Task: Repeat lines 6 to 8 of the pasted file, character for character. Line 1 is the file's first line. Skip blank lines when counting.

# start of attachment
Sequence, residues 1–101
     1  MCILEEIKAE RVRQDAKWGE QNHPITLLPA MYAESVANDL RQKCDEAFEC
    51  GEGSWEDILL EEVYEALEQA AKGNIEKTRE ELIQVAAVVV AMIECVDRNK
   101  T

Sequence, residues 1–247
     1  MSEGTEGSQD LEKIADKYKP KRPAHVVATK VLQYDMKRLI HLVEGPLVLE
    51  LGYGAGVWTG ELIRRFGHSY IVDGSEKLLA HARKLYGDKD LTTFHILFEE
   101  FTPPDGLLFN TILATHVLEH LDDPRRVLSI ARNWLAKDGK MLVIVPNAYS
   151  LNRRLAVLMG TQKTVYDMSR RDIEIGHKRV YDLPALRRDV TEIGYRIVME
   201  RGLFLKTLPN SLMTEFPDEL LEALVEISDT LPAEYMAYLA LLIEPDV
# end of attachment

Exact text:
     1  MSEGTEGSQD LEKIADKYKP KRPAHVVATK VLQYDMKRLI HLVEGPLVLE
    51  LGYGAGVWTG ELIRRFGHSY IVDGSEKLLA HARKLYGDKD LTTFHILFEE
   101  FTPPDGLLFN TILATHVLEH LDDPRRVLSI ARNWLAKDGK MLVIVPNAYS